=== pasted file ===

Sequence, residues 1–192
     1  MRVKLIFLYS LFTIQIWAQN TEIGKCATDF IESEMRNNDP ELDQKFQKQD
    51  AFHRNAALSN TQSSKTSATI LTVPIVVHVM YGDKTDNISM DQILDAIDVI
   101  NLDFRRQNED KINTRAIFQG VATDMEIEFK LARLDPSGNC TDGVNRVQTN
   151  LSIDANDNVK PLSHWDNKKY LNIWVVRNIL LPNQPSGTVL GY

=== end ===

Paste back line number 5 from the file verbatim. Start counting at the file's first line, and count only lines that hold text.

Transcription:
   151  LSIDANDNVK PLSHWDNKKY LNIWVVRNIL LPNQPSGTVL GY